Lorem ipsum dolor sit amet, consectetur adipiscing elit. Vivamus convallis sem tellus, vitae egestas felis vestibule ut.

Error message details.

Reuse Permissions

Request permission to republish or redistribute SHRM content and materials.

Viewpoint: Using Purpose to Boost Engagement Among Women and Deskless Workers

A woman wearing a face mask in a grocery store.

During the pandemic, two overlapping groups of employees have been facing great pressure on the job and at home: women and deskless workers. Women, as well as people of color, are over-proportionately represented among the essential workers pressed to keep working during the pandemic. And these employees are often caregivers, as well.

Deskless workers are employees who "typically don't sit behind a desk to perform their jobs," as defined by Mike Morini, CEO of WorkForce Software. Tied to a physical workplace, they constitute 80 percent of workers across the globe and nearly 100 percent of shift workers in a wide range of industries, including health care, retail, manufacturing and transportation.

Because of concerns about health, safety, stability and security at the workplace and at home, many employees in these two groups are less engaged at the workplace. To boost engagement with their demanding work, HR can apply the principles of New Work to give these workers a sense of purpose, inclusion and security.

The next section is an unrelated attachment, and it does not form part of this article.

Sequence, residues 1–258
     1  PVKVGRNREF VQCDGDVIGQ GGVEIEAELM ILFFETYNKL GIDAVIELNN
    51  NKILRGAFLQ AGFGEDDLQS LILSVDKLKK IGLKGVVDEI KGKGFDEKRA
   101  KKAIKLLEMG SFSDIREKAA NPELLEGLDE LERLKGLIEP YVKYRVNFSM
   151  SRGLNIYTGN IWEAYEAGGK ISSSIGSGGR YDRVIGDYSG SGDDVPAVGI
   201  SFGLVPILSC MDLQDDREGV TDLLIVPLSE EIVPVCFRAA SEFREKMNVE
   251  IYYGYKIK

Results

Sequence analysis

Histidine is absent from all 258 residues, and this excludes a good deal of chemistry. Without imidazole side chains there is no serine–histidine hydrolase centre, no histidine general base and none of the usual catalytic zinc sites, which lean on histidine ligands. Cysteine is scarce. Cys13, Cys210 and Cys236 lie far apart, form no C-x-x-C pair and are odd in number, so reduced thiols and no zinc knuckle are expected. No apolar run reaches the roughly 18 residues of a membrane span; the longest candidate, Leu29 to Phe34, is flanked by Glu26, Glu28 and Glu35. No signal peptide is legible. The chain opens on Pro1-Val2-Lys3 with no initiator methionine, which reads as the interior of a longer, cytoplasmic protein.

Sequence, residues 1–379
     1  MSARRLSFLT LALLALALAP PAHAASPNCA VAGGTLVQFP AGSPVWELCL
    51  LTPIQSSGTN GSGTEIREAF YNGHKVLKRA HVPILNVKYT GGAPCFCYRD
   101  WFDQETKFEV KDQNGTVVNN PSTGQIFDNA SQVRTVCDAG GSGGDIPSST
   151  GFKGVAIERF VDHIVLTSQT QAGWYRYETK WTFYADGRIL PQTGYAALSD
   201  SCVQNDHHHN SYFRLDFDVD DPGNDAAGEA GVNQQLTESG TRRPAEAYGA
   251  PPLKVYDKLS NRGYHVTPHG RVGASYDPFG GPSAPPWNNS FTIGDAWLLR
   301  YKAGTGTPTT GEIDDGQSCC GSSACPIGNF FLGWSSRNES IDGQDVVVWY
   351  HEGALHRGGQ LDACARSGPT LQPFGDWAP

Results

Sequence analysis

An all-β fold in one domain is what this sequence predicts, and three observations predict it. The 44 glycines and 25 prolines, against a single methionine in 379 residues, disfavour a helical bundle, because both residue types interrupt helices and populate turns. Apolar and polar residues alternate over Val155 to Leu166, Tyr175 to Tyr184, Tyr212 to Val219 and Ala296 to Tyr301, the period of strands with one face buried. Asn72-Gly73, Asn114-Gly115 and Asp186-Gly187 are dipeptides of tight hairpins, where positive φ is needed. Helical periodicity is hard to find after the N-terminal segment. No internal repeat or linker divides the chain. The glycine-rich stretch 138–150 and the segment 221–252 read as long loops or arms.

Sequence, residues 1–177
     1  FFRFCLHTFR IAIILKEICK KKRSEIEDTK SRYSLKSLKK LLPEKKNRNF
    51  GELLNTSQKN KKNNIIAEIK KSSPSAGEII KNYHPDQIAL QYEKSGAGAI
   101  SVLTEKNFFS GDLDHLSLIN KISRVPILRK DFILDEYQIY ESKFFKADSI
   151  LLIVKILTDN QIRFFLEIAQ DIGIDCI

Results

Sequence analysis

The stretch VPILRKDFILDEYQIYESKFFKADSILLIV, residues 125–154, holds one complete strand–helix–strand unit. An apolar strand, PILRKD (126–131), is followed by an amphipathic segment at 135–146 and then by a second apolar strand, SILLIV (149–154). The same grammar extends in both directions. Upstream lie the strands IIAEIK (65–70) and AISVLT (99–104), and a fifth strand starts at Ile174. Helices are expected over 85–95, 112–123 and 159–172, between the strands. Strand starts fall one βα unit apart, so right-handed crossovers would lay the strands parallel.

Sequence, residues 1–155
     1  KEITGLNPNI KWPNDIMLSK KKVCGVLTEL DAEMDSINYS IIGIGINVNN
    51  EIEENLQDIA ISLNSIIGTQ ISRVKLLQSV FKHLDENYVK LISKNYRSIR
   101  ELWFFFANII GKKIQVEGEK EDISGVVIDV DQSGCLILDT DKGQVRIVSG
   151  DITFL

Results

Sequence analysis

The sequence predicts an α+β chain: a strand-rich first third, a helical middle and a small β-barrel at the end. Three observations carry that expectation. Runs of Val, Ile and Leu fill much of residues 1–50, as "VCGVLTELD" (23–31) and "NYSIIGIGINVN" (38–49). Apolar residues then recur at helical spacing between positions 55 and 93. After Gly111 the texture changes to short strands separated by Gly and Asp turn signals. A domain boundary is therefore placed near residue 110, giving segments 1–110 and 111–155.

Use Team and Individual Purpose to Raise Engagement 

Purpose is New Work's answer to flagging employee engagement. Employees need to connect purpose in their individual work to company purpose, "even (or especially) where it may be less obvious," according to  the CHRO Thinking Ahead Group at WTW, formerly Willis Towers Watson. Team purpose makes this connection, writes Michael Chavez, global managing director of Duke Corporate Education, by serving "as a bridge between the everyday shared work of the team and the organizational purpose."

Chavez cites the example of Steve LaChance of LPL Financial, the largest independent broker-dealer in the country, who "incorporated team members into the process" of defining the team purpose so they "see how they collectively fit into the bigger picture." Linda Hill, a professor at Harvard Business School, stated that "a clear and compelling purpose is the glue that binds together a group of individuals." Team purpose makes all team members feel included in the team and company, where current circumstances suggest that the felt need for inclusion is perhaps greatest among women, people of color and deskless workers.